Production Strategies: Blake Sennett on Rilo Kiley's More Adventurous

By Molenda, Michael | Guitar Player, February 2006 | Go to article overview

Production Strategies: Blake Sennett on Rilo Kiley's More Adventurous


Molenda, Michael, Guitar Player


[ILLUSTRATION OMITTED]

Scores of indie bands forge uneasy sonic and thematic alliances with the music of the '60s and '70s. The discomfort appears when an artist strives to be "of their time" and moving forward while simultaneously digging and emulating the bountiful goodies that have come before. The cool thing is when all the influences and styles and recording techniques fold in on each other and form a wonderfully bizarre amalgamation of the familiar and the unique. This is certainly the case with Rilo Kiley's More Adventurous [Brute/Beaute/Warner Bros.], which flits from country criers to full-out rockers to ginchy '70s AOR exclusions. Holding it all together are the sometimes subtle, sometimes bombastic and wacky guitars of Blake Sennett (a former child actor and alleged relation to bandleader Glenn Miller). Sennett covers a lot of stylistic ground on the album, but roots his excursions in warm and rootsy tones that drift in and out of the band mix.

"I feel like guitars should punctuate the lyrics," he says. "So having a sense of concept--like a Pink Floyd album--is something I always strive for. But, having said that, I tend to play what I hear right off the bat and go with my instincts. If you over-think things, it gets dangerous, and you can be your own worst enemy."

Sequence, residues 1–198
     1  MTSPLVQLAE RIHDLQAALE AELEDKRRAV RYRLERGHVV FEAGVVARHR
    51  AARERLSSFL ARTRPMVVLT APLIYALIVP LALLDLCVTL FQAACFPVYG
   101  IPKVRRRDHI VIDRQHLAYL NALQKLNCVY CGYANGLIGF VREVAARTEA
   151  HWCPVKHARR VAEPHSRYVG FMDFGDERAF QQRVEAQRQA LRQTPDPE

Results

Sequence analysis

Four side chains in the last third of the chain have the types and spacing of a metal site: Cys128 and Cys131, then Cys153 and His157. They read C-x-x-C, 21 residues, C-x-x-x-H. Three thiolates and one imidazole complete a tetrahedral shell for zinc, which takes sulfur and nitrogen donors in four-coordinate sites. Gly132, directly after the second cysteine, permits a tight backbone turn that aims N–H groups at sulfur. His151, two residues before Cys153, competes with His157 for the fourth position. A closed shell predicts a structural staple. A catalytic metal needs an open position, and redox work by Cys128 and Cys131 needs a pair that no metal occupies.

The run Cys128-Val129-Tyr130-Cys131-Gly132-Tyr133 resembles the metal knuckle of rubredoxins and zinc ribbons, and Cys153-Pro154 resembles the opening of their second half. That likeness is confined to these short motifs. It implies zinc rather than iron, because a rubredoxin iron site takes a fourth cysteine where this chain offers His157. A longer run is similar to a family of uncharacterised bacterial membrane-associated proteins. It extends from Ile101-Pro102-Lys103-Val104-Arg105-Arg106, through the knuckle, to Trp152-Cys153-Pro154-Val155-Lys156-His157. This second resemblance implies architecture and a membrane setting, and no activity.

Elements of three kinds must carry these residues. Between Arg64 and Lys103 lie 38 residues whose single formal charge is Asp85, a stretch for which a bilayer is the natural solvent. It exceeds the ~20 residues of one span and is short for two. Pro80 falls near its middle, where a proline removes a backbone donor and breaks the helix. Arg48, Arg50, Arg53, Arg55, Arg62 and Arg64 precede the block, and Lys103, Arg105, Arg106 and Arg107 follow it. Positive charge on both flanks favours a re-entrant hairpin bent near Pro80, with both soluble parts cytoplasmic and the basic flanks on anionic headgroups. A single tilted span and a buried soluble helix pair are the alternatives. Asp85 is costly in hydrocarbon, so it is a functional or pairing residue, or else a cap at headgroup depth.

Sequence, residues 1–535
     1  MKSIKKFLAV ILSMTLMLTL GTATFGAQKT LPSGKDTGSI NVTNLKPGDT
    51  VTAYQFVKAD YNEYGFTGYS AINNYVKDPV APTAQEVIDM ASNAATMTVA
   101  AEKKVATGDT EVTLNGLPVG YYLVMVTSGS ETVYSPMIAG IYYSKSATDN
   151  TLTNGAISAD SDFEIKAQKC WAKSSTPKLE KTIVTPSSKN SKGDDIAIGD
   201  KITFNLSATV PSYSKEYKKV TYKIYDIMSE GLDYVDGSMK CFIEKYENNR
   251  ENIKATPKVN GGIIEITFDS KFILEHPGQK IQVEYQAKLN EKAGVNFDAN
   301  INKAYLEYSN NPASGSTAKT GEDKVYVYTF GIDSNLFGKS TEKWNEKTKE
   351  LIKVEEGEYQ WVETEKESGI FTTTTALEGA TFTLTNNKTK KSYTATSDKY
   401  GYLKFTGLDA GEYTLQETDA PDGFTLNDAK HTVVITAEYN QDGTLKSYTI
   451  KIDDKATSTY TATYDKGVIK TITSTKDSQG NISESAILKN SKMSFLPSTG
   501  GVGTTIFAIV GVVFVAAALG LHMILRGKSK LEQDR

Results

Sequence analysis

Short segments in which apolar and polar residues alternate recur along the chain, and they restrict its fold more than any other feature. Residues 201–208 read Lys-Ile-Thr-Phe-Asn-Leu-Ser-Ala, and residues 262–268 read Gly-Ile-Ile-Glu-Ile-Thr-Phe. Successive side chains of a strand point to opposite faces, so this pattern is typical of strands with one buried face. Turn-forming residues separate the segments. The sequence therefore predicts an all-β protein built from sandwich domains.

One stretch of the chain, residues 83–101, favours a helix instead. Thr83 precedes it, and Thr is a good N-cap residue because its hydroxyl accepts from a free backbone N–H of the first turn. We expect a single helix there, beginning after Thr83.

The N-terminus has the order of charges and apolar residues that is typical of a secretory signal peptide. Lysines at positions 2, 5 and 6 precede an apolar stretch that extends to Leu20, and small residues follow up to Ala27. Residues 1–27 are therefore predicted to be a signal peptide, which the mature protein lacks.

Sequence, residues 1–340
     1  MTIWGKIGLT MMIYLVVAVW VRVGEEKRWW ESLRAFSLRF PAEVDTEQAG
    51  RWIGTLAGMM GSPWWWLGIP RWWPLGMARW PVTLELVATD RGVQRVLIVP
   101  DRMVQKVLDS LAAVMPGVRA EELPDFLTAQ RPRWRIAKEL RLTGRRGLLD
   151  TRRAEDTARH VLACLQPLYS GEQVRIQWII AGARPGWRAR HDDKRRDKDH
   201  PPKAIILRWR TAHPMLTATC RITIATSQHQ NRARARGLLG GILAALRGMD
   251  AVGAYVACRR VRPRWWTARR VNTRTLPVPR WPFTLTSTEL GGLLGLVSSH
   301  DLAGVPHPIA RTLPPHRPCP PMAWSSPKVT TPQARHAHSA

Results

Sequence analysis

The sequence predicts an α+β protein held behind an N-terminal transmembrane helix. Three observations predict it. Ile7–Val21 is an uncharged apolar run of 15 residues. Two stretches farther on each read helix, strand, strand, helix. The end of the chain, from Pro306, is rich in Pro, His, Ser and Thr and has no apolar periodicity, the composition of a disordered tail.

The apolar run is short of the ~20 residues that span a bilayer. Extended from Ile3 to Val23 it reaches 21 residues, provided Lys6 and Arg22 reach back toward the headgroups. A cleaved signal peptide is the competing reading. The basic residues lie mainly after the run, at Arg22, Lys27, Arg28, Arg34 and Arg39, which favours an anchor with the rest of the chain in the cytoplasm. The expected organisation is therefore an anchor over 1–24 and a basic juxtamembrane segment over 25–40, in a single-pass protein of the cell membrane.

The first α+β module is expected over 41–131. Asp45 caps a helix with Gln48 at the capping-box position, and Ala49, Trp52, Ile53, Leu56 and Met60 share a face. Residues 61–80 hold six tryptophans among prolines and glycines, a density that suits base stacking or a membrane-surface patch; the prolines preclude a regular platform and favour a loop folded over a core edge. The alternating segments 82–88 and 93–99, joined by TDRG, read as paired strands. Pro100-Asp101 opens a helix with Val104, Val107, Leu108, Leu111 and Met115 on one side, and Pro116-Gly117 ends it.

Recorded at Mike Mogis Studios on a vintage API console (and later bounced to Pro Tools for mixing), Sennett and producer Mogis kept the guitar sounds seated in the vibe of Sennett influences such as Nell Young's Harvest and Pink Floyd's Dark Side of the Moon--as well as various releases by The Band and the Beatles.

"I think all the studio stuff that existed in 1975 and before had a certain sound to it," says Sennett. "Today's technology--like some SSL and Avalon gear--is so transparent, and it has too much sparkle. It all sounds too perfect, whereas the older stuff is more mysterious and punchy."

To capture his guitar tones, Sennett used small amps--specifically, a Fender Pro Junior and a Silvertone amp with an 8" speaker--and predominantly employed large-diaphragm condenser mics. …

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